Sad shell programming problem

While I was away an email ended up in my mail box like this:

I have a question on scripting ...

I want a "timedwait" for a background process started from a shellscript, i.e. do something like:

while [ 1 ]; do
        start_bg_job &
        "timedwait $! 30" || kill -9 $?
        cleanup
done

i.e. wait for the background job termination - but no more than 30 secs, if it didn't finish then kill it hard.

There were a couple of replies but none of them were “pure” shell scripts but it was weeks ago so who cares. Well it nagged at me last night as I cycled home. There has to be away to do this from the korn shell, and as usual the answer came to me just outside Fairoaks Airport (that is the answer came to me as usual while cycling home rather than outside the Airport.. If all the answers came to me outside the Airport I would be there a lot).


The trick (hack may be more appropriate) is to use a co process and start both the command you wish to run and a sleep command in the background in a sub shell that is the co process. When each of the commands return you echo information as to what to do back to the parent process which reads from the co process and takes the appropriate action.


So I ended up with this shell function:


#!/bin/ksh -p

# run_n_wait “command” [timeout]
function run_n_wait
{
        typeset com command time pid arg

        command="$1"
        time=${2:-60}

        ( ( ( $command ) > /dev/null 2>&1 & \\
                echo pid $! ; wait $! ;\\
                echo Done $? ) & \\
         (sleep $time ; echo kill ) & ) |&

         while read -p com arg
         do
                case $com in
                kill)  if [[ "${pid}" != "" ]]
                        then
                                kill ${pid} > /dev/null 2>&1
                                wait ${pid}
                        fi
                        return -1 ;;
                pid) pid=$arg ; arg="" ;;
                Done) return $arg ;;
                esac
        done
}


x=$SECONDS
run_n_wait "/bin/false" 3
echo Slept for $(($SECONDS - $x)) seconds ret $?
x=$SECONDS
run_n_wait "sleep 5 " 
echo Slept for $(($SECONDS - $x)) seconds ret $?
x=$SECONDS
run_n_wait "sleep 60" 3
echo Slept for $(($SECONDS - $x)) seconds ret $?

Yes there are lots of shells that could just do this out of the box but that was not the question. If you have a better way (korn shell, bourne shell only) let me know.


Tags:

Comments:

Well it's not better, but how about:

while [ 1 ]; do
        start_bg_job &
        sleep 30
        kill -9 $!
        cleanup
done

Which is one way I've solved this problem (and works fine for things that tend to wait forever if they go wrong); for cpu-bound programs just setting the cpu limit and letting the OS wipe them out is also a possible solution.

(The downside to this solution is that, because it unconditionally kills the pid, there's no guarantee that the real process hasn't finished and the pid has been taken by another process [the pids having wrapped around]. But for short waits, it works fine.)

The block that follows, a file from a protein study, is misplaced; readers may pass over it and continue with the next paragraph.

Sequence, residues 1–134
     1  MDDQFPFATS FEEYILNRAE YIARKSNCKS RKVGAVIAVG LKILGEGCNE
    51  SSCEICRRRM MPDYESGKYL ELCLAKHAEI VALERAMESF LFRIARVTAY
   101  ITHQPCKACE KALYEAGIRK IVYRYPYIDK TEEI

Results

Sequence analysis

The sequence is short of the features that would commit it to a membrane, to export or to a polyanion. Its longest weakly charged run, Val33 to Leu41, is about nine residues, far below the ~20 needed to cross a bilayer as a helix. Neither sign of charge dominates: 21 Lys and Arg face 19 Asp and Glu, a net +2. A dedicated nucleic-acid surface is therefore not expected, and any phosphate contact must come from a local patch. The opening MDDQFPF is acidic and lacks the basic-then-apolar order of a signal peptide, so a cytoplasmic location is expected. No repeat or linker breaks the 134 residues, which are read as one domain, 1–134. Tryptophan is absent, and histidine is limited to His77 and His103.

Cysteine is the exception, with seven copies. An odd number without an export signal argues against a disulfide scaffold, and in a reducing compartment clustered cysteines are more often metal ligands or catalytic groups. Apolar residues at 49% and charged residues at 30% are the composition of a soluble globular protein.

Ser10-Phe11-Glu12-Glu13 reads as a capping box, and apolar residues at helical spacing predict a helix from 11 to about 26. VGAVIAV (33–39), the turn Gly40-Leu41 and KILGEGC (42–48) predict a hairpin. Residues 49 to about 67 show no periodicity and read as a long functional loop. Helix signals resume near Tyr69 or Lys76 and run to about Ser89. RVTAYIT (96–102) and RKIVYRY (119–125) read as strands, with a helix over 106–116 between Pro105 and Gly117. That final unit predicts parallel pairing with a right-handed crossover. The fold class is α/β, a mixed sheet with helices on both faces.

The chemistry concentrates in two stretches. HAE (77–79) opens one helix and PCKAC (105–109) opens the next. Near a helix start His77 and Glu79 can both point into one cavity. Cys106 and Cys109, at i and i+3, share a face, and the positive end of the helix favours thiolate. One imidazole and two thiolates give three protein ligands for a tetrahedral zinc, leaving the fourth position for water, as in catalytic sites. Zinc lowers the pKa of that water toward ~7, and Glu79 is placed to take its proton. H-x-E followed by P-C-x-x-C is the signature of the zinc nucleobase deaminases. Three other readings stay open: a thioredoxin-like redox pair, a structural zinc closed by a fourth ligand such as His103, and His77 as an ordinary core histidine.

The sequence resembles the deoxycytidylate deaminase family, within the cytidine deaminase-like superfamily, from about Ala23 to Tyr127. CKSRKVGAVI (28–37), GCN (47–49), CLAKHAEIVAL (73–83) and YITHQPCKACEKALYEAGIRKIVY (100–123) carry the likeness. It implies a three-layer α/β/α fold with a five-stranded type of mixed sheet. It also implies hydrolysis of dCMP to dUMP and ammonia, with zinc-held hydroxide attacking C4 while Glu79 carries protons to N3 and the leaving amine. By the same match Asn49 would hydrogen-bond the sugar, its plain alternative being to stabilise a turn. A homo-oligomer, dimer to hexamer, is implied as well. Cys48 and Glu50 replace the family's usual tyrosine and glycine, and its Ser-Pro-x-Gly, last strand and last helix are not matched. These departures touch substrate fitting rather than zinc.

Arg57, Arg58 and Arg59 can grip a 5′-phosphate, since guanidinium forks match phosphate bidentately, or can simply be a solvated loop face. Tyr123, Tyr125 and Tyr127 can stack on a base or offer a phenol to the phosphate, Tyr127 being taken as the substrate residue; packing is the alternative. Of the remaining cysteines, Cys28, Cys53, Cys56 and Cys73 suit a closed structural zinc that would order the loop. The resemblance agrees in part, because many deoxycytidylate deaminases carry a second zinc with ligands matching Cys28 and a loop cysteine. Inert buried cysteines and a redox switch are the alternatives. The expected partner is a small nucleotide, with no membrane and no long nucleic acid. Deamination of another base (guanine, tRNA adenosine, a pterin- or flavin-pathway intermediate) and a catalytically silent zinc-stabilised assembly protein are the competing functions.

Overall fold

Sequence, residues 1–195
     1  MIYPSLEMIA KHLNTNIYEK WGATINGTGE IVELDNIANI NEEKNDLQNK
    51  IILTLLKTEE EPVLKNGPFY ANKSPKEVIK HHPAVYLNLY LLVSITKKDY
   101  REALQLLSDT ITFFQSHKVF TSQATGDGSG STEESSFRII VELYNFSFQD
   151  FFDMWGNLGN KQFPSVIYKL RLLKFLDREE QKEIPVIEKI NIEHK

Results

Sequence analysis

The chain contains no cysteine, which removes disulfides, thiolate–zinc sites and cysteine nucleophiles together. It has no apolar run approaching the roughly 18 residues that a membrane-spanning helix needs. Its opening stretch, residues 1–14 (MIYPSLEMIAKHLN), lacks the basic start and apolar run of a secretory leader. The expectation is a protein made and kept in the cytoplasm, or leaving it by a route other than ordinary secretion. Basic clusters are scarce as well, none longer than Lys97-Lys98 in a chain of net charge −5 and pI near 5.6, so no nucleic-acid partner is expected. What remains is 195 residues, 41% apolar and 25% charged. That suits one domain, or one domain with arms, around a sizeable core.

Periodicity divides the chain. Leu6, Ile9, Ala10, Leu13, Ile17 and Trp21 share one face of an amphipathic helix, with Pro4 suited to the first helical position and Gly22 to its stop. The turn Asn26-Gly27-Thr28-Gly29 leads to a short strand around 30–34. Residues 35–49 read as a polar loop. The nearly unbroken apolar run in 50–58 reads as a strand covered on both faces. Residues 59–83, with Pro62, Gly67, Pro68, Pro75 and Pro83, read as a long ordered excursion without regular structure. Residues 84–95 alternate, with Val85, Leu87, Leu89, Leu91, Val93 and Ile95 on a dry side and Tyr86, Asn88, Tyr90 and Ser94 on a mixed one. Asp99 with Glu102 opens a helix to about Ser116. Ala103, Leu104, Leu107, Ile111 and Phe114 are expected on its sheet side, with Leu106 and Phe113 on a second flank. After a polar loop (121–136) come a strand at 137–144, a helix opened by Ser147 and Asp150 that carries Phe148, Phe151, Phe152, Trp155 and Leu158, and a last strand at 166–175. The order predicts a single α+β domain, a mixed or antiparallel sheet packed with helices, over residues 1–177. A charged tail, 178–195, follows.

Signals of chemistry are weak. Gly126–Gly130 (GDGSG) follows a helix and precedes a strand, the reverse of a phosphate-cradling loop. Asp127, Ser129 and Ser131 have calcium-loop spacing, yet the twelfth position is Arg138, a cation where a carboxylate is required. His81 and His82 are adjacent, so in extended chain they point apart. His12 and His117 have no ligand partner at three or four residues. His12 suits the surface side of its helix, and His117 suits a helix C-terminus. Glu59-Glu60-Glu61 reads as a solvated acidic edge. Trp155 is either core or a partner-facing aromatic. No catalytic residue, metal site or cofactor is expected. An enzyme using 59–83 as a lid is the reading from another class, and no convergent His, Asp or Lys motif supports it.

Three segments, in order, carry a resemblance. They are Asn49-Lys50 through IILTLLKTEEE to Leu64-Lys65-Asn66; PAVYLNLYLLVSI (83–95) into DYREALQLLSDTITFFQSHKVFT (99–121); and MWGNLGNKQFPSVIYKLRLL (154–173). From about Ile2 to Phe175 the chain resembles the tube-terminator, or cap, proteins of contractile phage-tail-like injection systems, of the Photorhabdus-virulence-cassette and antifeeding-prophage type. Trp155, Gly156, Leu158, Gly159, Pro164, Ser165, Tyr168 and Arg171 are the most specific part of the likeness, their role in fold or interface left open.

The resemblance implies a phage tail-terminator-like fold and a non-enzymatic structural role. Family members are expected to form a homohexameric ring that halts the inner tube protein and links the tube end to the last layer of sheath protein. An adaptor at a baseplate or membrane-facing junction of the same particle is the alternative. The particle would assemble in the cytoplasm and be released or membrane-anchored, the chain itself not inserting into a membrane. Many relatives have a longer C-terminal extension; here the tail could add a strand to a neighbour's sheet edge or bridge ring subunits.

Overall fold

Posted by Peter Tribble on September 01, 2005 at 02:17 PM BST #

The other problem with that solution is that you always sleep for 30 seconds even if the job completes in less.

Posted by Chris Gerhard on September 02, 2005 at 07:07 AM BST #

Here's another way that doesn't use a co-process, although it does "borrow" fd 9. This is a variation of a script I wrote a while back that does a "timed read", i.e. prompt a user for input but bail out after N seconds.

I flipped the args to run_n_wait around so the command could get its own args properly (e.g. with whitespace and all the other icky stuff).

#!/bin/ksh

function run_n_wait
{
    typeset -i delay=$1
    shift

    ###
    # Run the command in the background and get the PID.
    ###

    "$@" &
    typeset -i cmd_pid=$!

    ###
    # Move stderr out of the way so if the kill in the sleep job goes
    # off we do not get a "Terminated" message written.
    ###

    exec 9>&2 2>/dev/null

    ###
    # Start the sleep job that waits for the requested amount of time
    # then kills the background command.
    ###

    ( sleep $delay ; kill -9 $cmd_pid ) < /dev/null > /dev/null 2>&1 &
    typeset -i sleep_pid=$!

    ###
    # Wait for either the background process to terminate normally or
    # to have been killed by the sleep job.
    ###

    wait $cmd_pid
    typeset -i cmd_status=$?

    ###
    # Get rid of the sleep job if it is still around.
    ###

    kill $sleep_pid
    wait $sleep_pid

    ###
    # Put stderr back the way it should be and return the status from
    # the background command.
    ###

    exec 2>&9 9>&-
    return $cmd_status
}

x=$SECONDS
run_n_wait 3 /bin/false
echo Slept for $(($SECONDS - $x)) seconds ret $?
# ptree $$

x=$SECONDS
run_n_wait 10 sleep 5
echo Slept for $(($SECONDS - $x)) seconds ret $?
# ptree $$

x=$SECONDS
run_n_wait 3 sleep 10
echo Slept for $(($SECONDS - $x)) seconds ret $?
# ptree $$

x=$SECONDS
run_n_wait 3 echo "a    string    with      whitespace"
echo Slept for $(($SECONDS - $x)) seconds ret $?
# ptree $$

exit 0

Posted by John R. Jackson on September 14, 2005 at 04:27 PM BST #

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